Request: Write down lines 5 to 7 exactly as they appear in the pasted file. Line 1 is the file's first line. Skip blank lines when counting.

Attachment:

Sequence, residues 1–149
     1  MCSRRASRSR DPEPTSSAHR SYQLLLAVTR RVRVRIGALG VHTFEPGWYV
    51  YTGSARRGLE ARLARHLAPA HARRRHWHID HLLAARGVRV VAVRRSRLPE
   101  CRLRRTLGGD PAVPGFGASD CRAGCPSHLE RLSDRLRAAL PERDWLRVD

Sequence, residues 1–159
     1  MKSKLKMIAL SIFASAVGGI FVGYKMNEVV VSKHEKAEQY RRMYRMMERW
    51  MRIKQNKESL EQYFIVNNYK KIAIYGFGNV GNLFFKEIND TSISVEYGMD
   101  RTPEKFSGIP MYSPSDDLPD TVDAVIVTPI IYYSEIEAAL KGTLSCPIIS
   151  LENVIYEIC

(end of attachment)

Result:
Sequence, residues 1–159
     1  MKSKLKMIAL SIFASAVGGI FVGYKMNEVV VSKHEKAEQY RRMYRMMERW
    51  MRIKQNKESL EQYFIVNNYK KIAIYGFGNV GNLFFKEIND TSISVEYGMD